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For Jewish Governor of Hawaii, Going to Israel Feels Like Coming Home

June 10, 2004
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The governor of Hawaii noticed something familiar when she stepped onto Israeli soil for the first time last month. “We’re both isolated,” said Linda Lingle, the Jewish Republican governor of the Aloha State. “We’re isolated by water; they’re isolated by unfriendly neighbors.”

Beyond that similarity, both states have economies that are highly dependent on tourism and have been working in recent years to move into technology.

Those are some of the reasons Lingle jumped at the opportunity to visit Israel, where she promoted an agricultural cooperative agreement between Hawaii and the Jewish state. She also met with senior political leaders, including Israeli Prime Minister Ariel Sharon, and got a taste of the political and economic climate in Israel.

In a telephone interview last week with JTA, Lingle said she gained a better understanding of the need for Israel to withdraw from the Gaza Strip and erect a security barrier in ! the West Bank.

She said one of the things she really didn’t understand about Israel before the trip was that so much of the land in the country is government-owned. Also, she anticipated kibbutz life to be more widespread.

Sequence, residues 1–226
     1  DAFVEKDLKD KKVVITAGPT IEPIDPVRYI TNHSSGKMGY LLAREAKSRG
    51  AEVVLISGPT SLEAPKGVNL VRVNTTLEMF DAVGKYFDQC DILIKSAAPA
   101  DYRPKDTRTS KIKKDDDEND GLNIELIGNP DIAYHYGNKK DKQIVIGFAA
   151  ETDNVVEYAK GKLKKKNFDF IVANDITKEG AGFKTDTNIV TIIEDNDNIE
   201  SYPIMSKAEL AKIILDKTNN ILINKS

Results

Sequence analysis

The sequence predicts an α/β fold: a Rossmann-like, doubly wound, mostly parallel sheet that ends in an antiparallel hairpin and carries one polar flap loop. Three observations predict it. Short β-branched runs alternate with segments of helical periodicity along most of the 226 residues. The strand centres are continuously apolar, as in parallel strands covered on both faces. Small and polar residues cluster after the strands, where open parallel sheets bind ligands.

Lingle was born in St. Louis and raised in Southern California before moving to Hawaii after graduating college.

Her visit in May took her to the Negev Desert, where she discussed higher education issues with the president of Ben-Gurion University, as well as to a Hadassah hospital in Jerusalem, where she learned how victims of terrorism are treated.

Lingle said she found Israelis very supportive of the role the Bush administration has been playing in the Middle East.

“I think they value very much America’s friendship and want it to continue,” she said.

As one of few prominent Jewish Republicans, Lingle says she hopes to play a role in garnering Jewish support for President Bush’s re-election in November.

Lingle already has toute! d Bush to Jewish audiences in Los Angeles. She says she hopes to do it more. Republican officials are hoping the same of her, but there may be logistical problems given that Lingle is two time zones away from Los Angeles.

Facing a re-election battle in 2006 in a largely Democratic state, Jewish Republicans said she ought to reach out to the larger Jewish community this election year to help gain financial strength for her own battle ahead.

As for November 2004, Lingle said it’s important for Jewish voters to know that Bush does not make Middle East-related decisions based on the views of European leaders or domestic public opinion polls.

“The shift over to President Bush is related to his strong support for the State of Israel,” she said.

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